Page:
As a parent, you want to do everything in your power to set your children up for success. And if they go to college and accrue student loan debt, the thought of helping them pay it off may enter your mind. But before reaching for the checkbook, you might wonder — if I give them money toward their loans, will that trigger a gift tax?
We will explore this question so you can decide how best to support your child’s financial future without facing any surprise tax burdens.
If I Pay Off My Kid’s Student Loans Will That Trigger a Gift Tax?
If you want to help your child pay for their student loans, there is a way to do it without triggering a gift tax. However, you need to be able to follow some IRS tax laws.
In 2023, the IRS limit for gifting is $17,000. For couples, it’s $17,000 per person, for a total of $34,000. That said, a gift tax will not be triggered as long as you gift an amount below this threshold.
If you were to gift an amount greater than $17,000, the gift tax is typically charged to the person giving the gift, not the person receiving it. You’ll need to file IRS Form 709 to report the gift.
It’s also important to note that it doesn’t matter if the gift goes directly or indirectly to the recipient. It would still trigger the gift tax if it exceeds the $17,000 limit in 2023. That means that if the money were sent directly to the student loan provider as a payment, it would be treated the same as if the money was given to the child so they could pay the student loan bill.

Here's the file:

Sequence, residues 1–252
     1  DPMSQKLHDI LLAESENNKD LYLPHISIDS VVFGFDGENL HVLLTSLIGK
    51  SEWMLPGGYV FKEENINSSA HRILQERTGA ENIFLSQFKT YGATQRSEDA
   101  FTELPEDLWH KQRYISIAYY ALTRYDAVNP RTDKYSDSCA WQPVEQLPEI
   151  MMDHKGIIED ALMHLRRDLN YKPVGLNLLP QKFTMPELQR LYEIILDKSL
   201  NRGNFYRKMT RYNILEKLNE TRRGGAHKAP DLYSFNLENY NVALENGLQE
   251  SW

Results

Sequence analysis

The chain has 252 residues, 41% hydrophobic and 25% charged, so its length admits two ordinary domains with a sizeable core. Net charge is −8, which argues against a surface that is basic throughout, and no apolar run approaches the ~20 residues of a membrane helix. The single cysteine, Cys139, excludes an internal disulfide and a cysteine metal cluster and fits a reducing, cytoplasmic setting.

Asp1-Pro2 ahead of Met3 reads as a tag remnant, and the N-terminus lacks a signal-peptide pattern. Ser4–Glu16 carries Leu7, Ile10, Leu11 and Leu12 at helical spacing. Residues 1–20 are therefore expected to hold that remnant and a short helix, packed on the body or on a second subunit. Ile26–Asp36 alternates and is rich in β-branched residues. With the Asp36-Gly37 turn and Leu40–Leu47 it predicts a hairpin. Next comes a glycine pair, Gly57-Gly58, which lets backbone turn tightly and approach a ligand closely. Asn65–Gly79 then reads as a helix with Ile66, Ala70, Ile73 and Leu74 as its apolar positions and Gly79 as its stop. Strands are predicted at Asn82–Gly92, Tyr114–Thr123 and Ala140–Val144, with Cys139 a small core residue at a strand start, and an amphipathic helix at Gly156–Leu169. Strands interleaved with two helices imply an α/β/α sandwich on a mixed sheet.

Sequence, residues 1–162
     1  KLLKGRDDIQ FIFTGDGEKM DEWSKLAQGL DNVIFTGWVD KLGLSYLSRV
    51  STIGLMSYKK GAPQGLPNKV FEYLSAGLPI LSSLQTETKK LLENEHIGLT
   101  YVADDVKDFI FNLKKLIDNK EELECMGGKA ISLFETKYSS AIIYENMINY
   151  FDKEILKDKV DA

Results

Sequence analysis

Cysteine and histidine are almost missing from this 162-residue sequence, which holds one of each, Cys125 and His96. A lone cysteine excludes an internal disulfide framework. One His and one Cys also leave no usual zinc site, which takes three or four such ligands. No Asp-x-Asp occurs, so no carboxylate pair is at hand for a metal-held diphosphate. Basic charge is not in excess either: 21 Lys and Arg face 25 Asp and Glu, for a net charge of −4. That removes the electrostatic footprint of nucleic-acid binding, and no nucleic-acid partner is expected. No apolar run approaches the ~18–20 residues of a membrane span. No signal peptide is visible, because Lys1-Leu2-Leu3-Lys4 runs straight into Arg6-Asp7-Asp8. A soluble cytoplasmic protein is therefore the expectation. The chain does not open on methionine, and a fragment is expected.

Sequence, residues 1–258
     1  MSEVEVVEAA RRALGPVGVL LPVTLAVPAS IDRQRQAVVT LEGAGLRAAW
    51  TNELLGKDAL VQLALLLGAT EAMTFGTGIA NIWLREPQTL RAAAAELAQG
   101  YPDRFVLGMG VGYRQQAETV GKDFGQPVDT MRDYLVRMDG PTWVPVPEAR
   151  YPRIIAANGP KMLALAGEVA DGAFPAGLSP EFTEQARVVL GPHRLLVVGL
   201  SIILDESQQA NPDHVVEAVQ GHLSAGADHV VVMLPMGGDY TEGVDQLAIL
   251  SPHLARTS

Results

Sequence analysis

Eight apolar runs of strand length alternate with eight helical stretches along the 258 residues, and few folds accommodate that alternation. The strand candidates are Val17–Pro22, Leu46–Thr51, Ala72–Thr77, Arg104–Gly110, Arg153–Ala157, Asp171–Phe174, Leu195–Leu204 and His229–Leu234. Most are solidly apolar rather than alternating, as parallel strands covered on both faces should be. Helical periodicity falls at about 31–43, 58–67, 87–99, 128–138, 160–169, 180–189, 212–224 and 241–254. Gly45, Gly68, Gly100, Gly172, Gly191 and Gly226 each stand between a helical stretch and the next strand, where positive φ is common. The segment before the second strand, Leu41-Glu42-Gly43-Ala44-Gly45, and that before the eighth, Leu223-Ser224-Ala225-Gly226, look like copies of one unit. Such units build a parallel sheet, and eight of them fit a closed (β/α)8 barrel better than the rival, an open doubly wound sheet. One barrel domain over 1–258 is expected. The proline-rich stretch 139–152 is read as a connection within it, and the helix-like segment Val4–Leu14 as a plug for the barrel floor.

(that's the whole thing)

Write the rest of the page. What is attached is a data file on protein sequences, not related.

Avoiding The Gift Tax
If you want to help your children pay for their student loans so they can enter the workforce without debt, there are ways to do so and not trigger the gift tax. As mentioned, you could gift an amount under $17,000 in a specific tax year.
Co-Signing Your Student Loan
Alternatively, if you’re planning ahead, you could co-sign for your child’s loans and then make the payments for them when they become due after college. This would allow you to make the payments without triggering a gift tax.
Taking Advantage of the Unified Credit
Another option to avoid the gift tax is to use the Unified Credit. This allows a person to avoid estate taxes up to a certain amount once they die. In 2023, the amount is just shy of $13 million. Using the Unified credit, you would apply the taxable amount to your lifetime allowable credit.
To help understand this, let’s use an example. Suppose you want to help your child pay $40,000 in student loan debt. Because $40,000 is over the $17,000 gift limit, you would owe taxes on $23,000 ($40,000 – $17,000). To simplify this, suppose you owe $2,500 in taxes on the $23,000 gift. Instead of paying this $2,500 when your taxes are due, you could apply it to your lifetime Unified Credit amount. Your Unified Credit balance will be reduced by $2,500 once you pass away.
The Bottom Line
If you want to help your children pay off their student loans, it’s possible to do so without triggering the gift tax. However, you’ll need to follow a few simple steps, and it’s always best to consult with a qualified tax advisor to ensure things are done correctly.
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